Hobbit 'cousins' focus of Te Papa talk

Last updated 05:00 30/11/2012
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DIGGING IT: The bones of the "hobbit" species in Flores, Indonesia.

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They are short in stature with large, hairy hands and feet. But these are no fantasy creatures from Tolkien's lore.

Homo floresiensis, known as hobbits, are close relatives of modern humans, and two of the principal archaeologists involved in their discovery are giving a free public lecture at Te Papa tomorrow.

The fossilised bones of nine individuals of the hominid species were discovered in 2003 on the island of Flores in Indonesia, astonishing the scientific world and inciting a debate over their relationship to us.

From the remains, archaeologists were able to ascertain that the hobbits stood at more than one metre tall, had large feet and were capable of quite complex activities.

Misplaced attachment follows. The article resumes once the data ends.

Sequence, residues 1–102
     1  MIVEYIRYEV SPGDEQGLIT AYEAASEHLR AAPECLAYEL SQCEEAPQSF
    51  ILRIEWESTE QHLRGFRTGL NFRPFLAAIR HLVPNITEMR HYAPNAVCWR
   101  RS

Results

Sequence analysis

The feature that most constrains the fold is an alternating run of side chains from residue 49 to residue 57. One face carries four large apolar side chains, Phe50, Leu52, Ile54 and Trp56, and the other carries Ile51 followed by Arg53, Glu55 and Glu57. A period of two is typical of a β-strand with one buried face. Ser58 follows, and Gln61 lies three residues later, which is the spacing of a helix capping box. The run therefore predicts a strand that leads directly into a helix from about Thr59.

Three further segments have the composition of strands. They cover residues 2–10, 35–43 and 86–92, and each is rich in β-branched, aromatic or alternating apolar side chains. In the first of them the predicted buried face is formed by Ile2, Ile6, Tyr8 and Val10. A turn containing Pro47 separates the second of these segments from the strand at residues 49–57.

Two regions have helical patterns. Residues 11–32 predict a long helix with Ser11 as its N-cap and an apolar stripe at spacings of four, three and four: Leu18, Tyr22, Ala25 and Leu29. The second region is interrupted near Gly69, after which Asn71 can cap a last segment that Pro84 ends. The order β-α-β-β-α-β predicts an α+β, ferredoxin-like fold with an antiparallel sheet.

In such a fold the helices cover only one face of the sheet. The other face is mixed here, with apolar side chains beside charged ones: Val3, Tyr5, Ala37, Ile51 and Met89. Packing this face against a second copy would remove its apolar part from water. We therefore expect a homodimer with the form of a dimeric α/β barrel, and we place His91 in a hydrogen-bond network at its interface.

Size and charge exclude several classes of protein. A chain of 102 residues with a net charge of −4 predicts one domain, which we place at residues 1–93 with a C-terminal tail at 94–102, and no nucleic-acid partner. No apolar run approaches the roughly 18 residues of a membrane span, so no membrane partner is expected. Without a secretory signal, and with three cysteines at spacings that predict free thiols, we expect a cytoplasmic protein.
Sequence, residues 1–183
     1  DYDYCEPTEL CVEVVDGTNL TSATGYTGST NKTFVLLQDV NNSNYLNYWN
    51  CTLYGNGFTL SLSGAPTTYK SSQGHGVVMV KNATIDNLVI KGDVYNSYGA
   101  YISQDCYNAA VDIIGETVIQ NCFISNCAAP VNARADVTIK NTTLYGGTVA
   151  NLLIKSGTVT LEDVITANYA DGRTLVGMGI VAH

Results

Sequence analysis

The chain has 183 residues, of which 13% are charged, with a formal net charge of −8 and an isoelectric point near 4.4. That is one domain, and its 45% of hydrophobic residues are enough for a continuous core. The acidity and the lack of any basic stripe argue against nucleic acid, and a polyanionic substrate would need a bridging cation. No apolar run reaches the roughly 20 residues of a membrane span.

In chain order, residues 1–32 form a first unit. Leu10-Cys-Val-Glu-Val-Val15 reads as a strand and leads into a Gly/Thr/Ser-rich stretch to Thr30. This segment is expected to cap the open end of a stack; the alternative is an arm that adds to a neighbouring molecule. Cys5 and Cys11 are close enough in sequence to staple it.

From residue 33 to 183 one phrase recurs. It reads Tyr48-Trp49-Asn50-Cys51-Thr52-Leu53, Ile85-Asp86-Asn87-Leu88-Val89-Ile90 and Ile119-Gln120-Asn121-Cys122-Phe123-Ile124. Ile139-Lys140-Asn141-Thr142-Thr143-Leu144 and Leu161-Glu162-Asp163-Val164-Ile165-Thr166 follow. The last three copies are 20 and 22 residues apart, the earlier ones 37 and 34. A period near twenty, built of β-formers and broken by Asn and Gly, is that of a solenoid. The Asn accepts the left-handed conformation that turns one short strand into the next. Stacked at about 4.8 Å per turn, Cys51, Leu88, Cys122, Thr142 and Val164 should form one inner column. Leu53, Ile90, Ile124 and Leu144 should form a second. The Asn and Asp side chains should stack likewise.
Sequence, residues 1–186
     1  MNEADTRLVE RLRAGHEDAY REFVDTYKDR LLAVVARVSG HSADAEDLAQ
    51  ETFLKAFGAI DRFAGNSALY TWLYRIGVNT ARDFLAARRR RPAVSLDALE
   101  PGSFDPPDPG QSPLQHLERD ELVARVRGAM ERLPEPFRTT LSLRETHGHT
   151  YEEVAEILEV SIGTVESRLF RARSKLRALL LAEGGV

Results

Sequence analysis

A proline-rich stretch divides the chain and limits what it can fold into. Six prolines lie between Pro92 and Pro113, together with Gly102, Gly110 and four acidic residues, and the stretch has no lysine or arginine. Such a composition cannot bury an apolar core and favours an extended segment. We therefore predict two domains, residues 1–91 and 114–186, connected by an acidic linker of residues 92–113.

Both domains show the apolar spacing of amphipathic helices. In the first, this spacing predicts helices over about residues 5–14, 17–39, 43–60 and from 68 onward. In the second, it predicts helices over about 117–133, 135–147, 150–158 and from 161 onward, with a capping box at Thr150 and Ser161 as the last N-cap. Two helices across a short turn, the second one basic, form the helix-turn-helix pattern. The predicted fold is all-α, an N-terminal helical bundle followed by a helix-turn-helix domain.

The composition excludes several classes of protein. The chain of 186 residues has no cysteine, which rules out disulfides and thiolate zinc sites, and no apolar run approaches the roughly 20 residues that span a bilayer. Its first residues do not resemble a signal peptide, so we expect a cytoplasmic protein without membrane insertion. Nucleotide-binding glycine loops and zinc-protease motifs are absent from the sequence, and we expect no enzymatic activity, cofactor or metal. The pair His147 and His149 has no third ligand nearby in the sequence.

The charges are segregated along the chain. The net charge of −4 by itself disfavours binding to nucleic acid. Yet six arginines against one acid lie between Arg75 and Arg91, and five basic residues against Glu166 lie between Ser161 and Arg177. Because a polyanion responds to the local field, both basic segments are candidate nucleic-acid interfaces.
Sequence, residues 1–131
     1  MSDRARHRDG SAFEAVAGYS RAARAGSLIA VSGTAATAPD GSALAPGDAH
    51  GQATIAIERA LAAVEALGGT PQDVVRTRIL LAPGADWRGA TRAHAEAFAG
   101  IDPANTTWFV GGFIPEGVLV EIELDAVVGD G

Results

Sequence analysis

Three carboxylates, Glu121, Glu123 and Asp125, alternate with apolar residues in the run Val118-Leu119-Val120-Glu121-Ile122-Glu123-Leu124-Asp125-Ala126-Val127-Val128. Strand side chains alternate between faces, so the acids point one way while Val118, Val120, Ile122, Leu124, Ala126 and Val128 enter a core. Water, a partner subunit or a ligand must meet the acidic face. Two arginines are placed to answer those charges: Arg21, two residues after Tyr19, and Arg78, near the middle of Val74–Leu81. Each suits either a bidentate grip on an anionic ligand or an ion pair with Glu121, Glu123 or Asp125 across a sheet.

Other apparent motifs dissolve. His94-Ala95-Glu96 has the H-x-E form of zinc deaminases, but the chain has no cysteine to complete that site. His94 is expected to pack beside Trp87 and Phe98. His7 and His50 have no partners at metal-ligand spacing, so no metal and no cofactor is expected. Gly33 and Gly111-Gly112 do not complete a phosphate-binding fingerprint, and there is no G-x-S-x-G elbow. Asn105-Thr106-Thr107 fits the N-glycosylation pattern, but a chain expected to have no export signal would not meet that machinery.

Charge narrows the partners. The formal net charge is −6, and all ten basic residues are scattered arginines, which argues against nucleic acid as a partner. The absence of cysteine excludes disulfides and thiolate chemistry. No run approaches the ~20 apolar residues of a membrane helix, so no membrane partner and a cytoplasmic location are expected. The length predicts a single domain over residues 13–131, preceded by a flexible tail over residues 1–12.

In their talk, Unravelling the Secrets of Homo Floresiensis, Professor Mike Morwood, from the University of Wollongong and Thomas Sutikna of the Pusat Arkeologi Nasional in Indonesia, will give their audience a vivid picture of the species.

The fossils' discovery launched a worldwide debate about whether they were a separate species, and how they were related to us.

Geologist Brent Alloway, associate professor at the school of geography, environment and earth sciences at Victoria University, organised the talk and expects attendees to gain a rare insight into cutting-edge archaeology.

"It's a remarkable modern discovery, right on our back doorstep in Southeast Asia," Dr Alloway says.

"We're starting to get a good picture of what our distant ancestors were like – how they lived and what they looked like."

There will be a replica skeleton of H floresiensis on hand, as well as various fossils and hand tools from the Indonesian sites.

The lecture is at Te Papa's Soundings Theatre at 1pm. A lecture at 3pm is at capacity, but will be streamed live online.

Dr Alloway says tomorrow's lectures will appeal to archaeology buffs of all ages.

"We hope this talk will get kids inspired to take an interest in archaeology," he says.

"Everyone wants to be an archaeologist as a kid, but now the new discoveries are closer to us than ever.

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- The Dominion Post


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